A new, light balloonborne UV–visible spectrometer, called SALOMON, is designed to perform nighttime measurements of stratospheric trace-gas species by using the Moon as a light source. The first flight, performed on 31 October 1998 at mid-latitude with a float altitude of 26.7 km, allowed the performance of the pointing system to be checked and vertical profiles of ozone, NO<sub>2</sub>, NO<sub>3</sub>, and possibly OBrO to be obtained. First the instrument and then the performance of the pointing system and the detector are described. Finally the vertical profiles are compared with other profiles obtained at the same location five years before with the heavier balloonborne spectrometer AMON, which uses a star as the light source.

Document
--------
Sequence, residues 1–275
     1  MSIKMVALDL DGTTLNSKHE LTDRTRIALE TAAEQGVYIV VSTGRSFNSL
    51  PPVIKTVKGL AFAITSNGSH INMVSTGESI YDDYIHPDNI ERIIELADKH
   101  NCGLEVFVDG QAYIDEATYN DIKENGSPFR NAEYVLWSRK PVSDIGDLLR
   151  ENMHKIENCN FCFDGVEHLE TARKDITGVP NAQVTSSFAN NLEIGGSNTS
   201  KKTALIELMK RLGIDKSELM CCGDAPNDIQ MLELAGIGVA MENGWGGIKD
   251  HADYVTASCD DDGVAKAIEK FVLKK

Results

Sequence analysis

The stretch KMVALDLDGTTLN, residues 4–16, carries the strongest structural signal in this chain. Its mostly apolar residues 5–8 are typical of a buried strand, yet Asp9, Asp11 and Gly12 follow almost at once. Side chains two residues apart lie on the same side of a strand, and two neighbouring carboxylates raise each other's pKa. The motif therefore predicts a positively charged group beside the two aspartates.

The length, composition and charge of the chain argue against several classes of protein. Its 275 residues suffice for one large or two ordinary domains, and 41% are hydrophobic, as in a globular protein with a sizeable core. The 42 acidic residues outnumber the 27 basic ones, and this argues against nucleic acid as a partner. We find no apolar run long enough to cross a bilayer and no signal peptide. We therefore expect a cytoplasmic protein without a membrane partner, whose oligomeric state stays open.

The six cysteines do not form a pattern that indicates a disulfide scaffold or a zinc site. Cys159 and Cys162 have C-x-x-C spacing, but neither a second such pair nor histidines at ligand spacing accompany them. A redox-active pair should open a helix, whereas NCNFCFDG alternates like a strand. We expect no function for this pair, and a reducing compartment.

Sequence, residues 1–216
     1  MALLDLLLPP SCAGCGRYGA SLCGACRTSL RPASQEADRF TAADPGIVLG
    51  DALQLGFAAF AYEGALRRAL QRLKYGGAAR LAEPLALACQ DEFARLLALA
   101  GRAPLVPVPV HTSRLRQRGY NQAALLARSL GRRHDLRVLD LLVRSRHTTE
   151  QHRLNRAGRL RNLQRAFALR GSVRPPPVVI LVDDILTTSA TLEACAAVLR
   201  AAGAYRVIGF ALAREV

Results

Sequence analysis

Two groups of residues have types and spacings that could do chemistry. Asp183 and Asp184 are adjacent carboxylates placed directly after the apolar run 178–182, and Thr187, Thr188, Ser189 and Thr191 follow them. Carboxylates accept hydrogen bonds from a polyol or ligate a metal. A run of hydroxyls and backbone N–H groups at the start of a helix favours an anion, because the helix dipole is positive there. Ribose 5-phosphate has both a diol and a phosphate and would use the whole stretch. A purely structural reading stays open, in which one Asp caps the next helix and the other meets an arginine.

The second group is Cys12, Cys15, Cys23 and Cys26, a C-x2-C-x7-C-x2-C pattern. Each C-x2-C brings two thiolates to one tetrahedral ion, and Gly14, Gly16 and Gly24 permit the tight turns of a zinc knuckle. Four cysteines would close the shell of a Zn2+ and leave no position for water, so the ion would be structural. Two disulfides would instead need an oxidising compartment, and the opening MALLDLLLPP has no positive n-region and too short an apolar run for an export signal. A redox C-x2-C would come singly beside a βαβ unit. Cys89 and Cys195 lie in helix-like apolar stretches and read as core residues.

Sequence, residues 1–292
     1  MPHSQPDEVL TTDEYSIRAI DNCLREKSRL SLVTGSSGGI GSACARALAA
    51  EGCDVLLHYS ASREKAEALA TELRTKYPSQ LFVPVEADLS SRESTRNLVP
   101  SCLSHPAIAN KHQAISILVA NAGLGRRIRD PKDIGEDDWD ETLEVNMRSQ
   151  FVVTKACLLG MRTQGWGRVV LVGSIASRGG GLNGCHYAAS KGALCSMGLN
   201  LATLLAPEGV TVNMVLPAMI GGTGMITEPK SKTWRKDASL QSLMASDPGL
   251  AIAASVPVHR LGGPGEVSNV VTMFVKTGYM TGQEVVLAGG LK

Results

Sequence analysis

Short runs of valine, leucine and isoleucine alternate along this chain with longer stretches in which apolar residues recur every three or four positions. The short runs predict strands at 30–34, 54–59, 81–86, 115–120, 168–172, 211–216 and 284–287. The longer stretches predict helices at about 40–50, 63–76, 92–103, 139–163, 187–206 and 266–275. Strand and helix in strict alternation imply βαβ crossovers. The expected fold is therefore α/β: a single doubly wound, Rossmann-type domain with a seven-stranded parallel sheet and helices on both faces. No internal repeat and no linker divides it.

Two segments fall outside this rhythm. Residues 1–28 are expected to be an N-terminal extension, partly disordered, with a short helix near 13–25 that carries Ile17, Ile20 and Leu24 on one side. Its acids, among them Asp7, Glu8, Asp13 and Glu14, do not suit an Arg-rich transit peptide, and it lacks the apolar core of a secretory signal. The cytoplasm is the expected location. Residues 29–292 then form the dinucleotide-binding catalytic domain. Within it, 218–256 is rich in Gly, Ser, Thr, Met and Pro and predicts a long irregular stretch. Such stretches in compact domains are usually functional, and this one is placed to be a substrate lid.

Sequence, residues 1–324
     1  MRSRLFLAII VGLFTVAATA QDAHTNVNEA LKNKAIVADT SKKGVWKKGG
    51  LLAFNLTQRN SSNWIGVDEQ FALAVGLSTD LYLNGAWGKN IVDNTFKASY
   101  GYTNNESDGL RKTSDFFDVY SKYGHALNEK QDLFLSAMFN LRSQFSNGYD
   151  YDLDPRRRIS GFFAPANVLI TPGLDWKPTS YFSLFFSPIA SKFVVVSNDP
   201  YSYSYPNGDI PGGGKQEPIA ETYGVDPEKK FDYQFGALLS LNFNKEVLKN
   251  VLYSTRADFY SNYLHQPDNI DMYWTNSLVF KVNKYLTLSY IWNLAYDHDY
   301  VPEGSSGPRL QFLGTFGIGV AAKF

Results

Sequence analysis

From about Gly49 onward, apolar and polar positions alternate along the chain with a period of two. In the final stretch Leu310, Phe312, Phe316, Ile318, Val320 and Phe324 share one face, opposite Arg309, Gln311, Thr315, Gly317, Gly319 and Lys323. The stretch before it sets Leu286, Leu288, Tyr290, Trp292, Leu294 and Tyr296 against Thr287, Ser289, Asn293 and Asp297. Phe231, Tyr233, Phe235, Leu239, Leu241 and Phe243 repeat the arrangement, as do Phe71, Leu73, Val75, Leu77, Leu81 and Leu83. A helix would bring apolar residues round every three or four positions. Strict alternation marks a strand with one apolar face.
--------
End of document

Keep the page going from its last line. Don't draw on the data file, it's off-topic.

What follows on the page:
© 2000 Optical Society of America
(010.1110) Atmospheric and oceanic optics : Aerosols
(010.1280) Atmospheric and oceanic optics : Atmospheric composition
(010.4950) Atmospheric and oceanic optics : Ozone
(120.6200) Instrumentation, measurement, and metrology : Spectrometers and spectroscopic instrumentation
Jean-Baptiste Renard, Michel Chartier, Claude Robert, Gilles Chalumeau, Gwenaël Berthet, Michel Pirre, Jean-Pierre Pommereau, and Florence Goutail, "SALOMON: A New, Light Balloonborne UV-visible spectrometer for Nighttime Observations of Stratospheric Trace-Gas Species," Appl. Opt. 39, 386-392 (2000)